Psycho-Babble Medication | about biological treatments | Framed
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Posted by Adam on December 9, 1999, at 1:09:25

As some of you may have read in my prior posts, I have contended with
with severe depression and comorbid OCD. I have tried a number of
serotinergic drugs (Anafranil, Zoloft, Effexor, Serzone, Celexa).
Anafranil was intolerable to me. Zoloft, Effexor, and Celexa all
seemed to help with obsessions somewhat, but did little or nothing
for depression and caused serious sexual dysfunction. While on serzone
I experienced a dramatic worsening of my condition and wound up in
the hospital. I'm not certain of the connection, but obviously
wasn't getting me what I wanted (I've wondered about it's
properties as a 5-HT2 antagonist related to this problem).

My only relief from depression has been selegiline, which has been a
lifesaver. Unfortunately, my OCD symptoms have been flaring up, and
this seems to be worsening. Behavioral therapy is helping, but an
effective way to augment selegiline with another drug would be nice.
Unfortunately, options appear to be few. While selegiline at low doses
is most-likely safe with SSRIs, I am taking it at a nonselective dose
for MAO, increasing the risk of serotonin syndrome with SSRI
coadministration, and likely ruling out such an approach. Other
drugs known to affect the serotonin system (litium, pindolol, bupirone)
that might be safely combined with selegiline have shown little or
no efficacy for OCD, either alone or in combination with other drugs.

An as-of-yet still mysterious connection between serotonin siganalling
and OCD had been clearly demonstrated. Recent work with agonistic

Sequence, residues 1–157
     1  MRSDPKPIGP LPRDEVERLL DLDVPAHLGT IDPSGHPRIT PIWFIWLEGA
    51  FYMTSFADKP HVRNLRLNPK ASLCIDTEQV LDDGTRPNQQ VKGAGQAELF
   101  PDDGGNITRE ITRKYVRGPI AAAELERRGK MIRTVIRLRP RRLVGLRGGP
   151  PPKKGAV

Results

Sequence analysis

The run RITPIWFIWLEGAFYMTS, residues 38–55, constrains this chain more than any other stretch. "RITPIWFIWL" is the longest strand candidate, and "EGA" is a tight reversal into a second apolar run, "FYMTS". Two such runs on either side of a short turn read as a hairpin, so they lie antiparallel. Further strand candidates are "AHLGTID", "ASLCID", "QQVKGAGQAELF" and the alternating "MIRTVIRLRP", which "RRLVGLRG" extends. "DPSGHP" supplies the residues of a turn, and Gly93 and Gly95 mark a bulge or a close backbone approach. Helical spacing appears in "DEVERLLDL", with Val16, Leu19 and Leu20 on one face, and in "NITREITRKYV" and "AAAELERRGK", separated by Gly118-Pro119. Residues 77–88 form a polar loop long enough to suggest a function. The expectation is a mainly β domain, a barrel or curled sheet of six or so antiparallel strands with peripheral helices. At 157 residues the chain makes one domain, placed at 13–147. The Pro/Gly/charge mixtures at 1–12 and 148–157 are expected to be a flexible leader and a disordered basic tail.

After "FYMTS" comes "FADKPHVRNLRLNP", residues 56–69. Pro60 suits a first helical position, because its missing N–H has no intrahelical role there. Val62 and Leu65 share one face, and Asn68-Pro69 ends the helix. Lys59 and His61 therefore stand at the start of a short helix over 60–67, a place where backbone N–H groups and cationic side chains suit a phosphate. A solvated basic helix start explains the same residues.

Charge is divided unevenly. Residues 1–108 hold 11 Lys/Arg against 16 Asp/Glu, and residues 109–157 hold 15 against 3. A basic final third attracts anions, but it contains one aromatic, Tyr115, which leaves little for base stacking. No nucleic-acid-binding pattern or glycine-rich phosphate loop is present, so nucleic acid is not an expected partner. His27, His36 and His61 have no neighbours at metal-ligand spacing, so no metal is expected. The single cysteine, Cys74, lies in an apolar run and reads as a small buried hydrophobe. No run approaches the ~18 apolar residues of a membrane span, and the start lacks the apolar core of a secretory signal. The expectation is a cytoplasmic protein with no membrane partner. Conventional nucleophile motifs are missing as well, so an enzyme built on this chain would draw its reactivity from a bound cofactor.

compounds specific for certain serotonin receptor subtypes have implicated
the 5-HT2C receptor in mediating the anti-obsessional effects of
increased serotonergic stimulation. Interestingly, 5-HTC receptors
specifically activate a distinct signal transduction pathway involving
phospholipase C (PLC). 5-HT2C activation leads to production of cyclic
GMP,a so-called "second messenger" molecule that activates PLC, which
in turn metabolises phosphotidyl inositol, a rare phospholipid in the
cell membrane. This releases inositol triphosphate, which in turn
mediates signalling via release of intracellular calcium stores.

It was also noted that administration of exogenous inositol (a sugar much
like glucose) leads to activation of PLC and intracellular signalling.
Recent studies have indicated that inositol is efficacious for some
psychiatric disorders, including OCD. Its efficacy in OCD is thought to
be related to its ability to trigger downstream events in the 5-HTC-
mediated signal-transduction cascade. This study (by Fux, et al., Am
J Psychiatry, 153:1219-1221, 1996) showed efficacy of inositol similar
to SSRIs, even in some patients who did not respond to SSRI or
Anafranil treatment.




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Psycho-Babble Medication | Framed

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